The U.S. economy doubled its first-quarter rate of growth to 1.9 percent from April through June, the Commerce Department reported Thursday, and some signs emerged that the U.S. economy may have bottomed out.

Still, everything points to a sluggish second half of 2008, though the risk of recession seems reduced.

“It will be a slog for the economy for the next six to 12 months. The recession may be over, but it won’t feel good until this time next year,” said Mark Zandi, the chief economist of Moody’s, a forecaster in West Chester, Pa.

Investors shared that gloomy outlook, as many on Wall Street were disappointed that the GDP report was less robust than widely expected. The Dow Jones Industrial Average closed down 205.67 points, or 1.8 percent, at 11,378.02. The NASDAQ composite index was off 4.17 points, or 0.2 percent, to close at 2325.55. And the Standard & Poor’s 500 index dropped by 16.88 points, or 1.3 percent, to close at 1267.38.

Government tax rebates to consumers, federal and state government spending and surging exports were the main sparks to second-quarter growth, which eclipsed the sluggish 0.9 percent rate of the first three months of the year.

Export growth was the highlight of the second quarter, surging 9.2 percent after rising 5.1 percent in the first quarter. While exports have helped to offset the negative pull from the housing crisis, they’re expected to slow as inflation and soaring energy prices brake the world economy.

Drags on the economy came from “the usual suspects”: housing, residential investment and a drawdown in business inventories. Inventories declined by $62.2 billion; this means that businesses were working their way through their stocks of goods and materials rather than buying more.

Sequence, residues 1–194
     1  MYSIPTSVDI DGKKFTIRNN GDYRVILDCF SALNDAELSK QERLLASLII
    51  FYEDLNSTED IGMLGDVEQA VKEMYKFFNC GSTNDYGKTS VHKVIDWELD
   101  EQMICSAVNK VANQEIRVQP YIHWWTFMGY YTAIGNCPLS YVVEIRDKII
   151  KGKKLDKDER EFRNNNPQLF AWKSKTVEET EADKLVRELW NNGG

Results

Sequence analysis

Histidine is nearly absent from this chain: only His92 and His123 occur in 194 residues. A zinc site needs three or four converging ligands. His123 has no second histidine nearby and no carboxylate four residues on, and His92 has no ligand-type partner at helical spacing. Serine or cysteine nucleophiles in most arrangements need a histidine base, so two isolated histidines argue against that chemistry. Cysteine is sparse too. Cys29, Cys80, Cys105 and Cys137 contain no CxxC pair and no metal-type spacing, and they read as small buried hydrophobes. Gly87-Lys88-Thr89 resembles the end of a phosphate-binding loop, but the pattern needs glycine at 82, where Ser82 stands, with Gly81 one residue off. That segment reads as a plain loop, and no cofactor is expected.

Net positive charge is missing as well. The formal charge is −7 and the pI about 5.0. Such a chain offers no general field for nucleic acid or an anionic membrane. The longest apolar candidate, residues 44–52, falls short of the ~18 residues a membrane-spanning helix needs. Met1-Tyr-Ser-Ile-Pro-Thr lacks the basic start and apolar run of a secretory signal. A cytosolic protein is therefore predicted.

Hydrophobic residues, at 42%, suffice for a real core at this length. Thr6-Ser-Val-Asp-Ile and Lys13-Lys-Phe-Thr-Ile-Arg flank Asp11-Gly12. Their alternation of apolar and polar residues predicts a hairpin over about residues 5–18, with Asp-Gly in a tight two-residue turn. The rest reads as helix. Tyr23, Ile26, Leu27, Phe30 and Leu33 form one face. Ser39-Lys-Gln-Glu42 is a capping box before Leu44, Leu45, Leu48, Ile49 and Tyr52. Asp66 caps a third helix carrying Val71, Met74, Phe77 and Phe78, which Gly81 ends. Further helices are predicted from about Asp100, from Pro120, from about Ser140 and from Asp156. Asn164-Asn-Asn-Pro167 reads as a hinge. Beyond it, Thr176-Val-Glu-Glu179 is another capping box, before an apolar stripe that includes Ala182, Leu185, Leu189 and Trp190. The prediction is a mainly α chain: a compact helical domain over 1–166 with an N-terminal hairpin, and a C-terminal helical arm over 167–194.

That points to a likely rise in business spending later this year, which will spur growth.

“While we expect domestic demand to remain weak going forward, stabilizing inventories will likely provide some positive offset in the second half of the year,” Peter Kretzmer, an economist for Bank of America, said in a note to investors.

Business spending will be key to the U.S. economy in the second half of this year because economists expect personal consumption to fall after the stimulus checks that the government began sending in May have been spent.

Personal consumption expenditures rose a sluggish 1.5 percent from April to June. Final sales to domestic purchasers, many of them retailers, are up just 0.8 percent over the same period last year, the weakest performance since the recession of 1990-1991.

This is significant, because consumer spending drives about 70 percent of the U.S. economy, and consumer confidence levels have been at record lows.

“We have long held that the best measure of the economy most consumers interact with on a daily basis is final sales to domestic purchasers. On this basis the economy has actually been weaker than it was in the last recession,” Mark Vitner, senior economist with Wachovia, wrote to investors Thursday.

In an interview with McClatchy Newspapers, Commerce Secretary Carlos Gutierrez disputed the notion that the stimulus checks already have made their impact. He expects them to continue to bump up consumer spending and thus domestic demand for goods and services.

“People will continue spending the stimulus checks in the third quarter and the fourth quarter. That should encourage manufacturers and replenish those stocks,” he said. He contended that the checks were “executed very well; it was very timely. That’s what these numbers tell me – that in spite of the increases in energy prices.”

The GDP report Thursday also revised growth statistics dating to the first three months of 2005. The most telling change involved the 0.6 percent growth rate posted in the final three months of last year. That figure was revised to negative 0.2 percent.

“The revisions show the economy is continuing to operate at a level just slightly better than what we would see in an outright recession,” Vitner said. “Growth is narrowly focused, however, with most of the improvement coming from net exports.”

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